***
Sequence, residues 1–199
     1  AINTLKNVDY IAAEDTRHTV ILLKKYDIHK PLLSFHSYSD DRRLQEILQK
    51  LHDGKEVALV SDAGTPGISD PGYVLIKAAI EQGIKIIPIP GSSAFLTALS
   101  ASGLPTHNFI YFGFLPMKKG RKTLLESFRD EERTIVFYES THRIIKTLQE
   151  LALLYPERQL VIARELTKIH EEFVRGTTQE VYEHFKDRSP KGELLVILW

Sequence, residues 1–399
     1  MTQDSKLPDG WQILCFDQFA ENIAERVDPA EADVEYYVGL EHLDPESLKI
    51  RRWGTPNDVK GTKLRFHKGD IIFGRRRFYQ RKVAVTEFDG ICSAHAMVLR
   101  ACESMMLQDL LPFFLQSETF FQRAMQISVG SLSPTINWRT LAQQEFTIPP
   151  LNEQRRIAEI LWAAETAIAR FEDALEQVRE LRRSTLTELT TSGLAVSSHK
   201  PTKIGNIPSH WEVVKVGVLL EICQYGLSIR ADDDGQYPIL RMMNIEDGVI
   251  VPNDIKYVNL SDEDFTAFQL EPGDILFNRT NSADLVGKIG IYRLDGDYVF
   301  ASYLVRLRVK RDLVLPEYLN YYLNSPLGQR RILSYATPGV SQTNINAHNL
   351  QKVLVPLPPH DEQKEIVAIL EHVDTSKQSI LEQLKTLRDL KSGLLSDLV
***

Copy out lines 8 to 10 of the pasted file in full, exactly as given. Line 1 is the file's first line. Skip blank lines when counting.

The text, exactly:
    51  RRWGTPNDVK GTKLRFHKGD IIFGRRRFYQ RKVAVTEFDG ICSAHAMVLR
   101  ACESMMLQDL LPFFLQSETF FQRAMQISVG SLSPTINWRT LAQQEFTIPP
   151  LNEQRRIAEI LWAAETAIAR FEDALEQVRE LRRSTLTELT TSGLAVSSHK